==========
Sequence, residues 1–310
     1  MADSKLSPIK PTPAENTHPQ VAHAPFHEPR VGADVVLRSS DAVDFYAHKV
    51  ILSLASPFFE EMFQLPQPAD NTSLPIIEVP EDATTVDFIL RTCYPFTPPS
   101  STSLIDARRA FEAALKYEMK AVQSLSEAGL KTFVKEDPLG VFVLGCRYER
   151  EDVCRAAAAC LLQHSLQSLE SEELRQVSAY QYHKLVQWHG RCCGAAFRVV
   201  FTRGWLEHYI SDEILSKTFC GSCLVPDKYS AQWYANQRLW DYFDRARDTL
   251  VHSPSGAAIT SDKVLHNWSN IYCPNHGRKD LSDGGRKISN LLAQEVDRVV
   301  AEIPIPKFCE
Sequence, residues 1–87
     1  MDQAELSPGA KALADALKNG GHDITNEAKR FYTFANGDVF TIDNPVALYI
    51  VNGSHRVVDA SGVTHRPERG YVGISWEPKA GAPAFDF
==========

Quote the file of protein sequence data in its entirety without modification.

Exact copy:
Sequence, residues 1–310
     1  MADSKLSPIK PTPAENTHPQ VAHAPFHEPR VGADVVLRSS DAVDFYAHKV
    51  ILSLASPFFE EMFQLPQPAD NTSLPIIEVP EDATTVDFIL RTCYPFTPPS
   101  STSLIDARRA FEAALKYEMK AVQSLSEAGL KTFVKEDPLG VFVLGCRYER
   151  EDVCRAAAAC LLQHSLQSLE SEELRQVSAY QYHKLVQWHG RCCGAAFRVV
   201  FTRGWLEHYI SDEILSKTFC GSCLVPDKYS AQWYANQRLW DYFDRARDTL
   251  VHSPSGAAIT SDKVLHNWSN IYCPNHGRKD LSDGGRKISN LLAQEVDRVV
   301  AEIPIPKFCE
Sequence, residues 1–87
     1  MDQAELSPGA KALADALKNG GHDITNEAKR FYTFANGDVF TIDNPVALYI
    51  VNGSHRVVDA SGVTHRPERG YVGISWEPKA GAPAFDF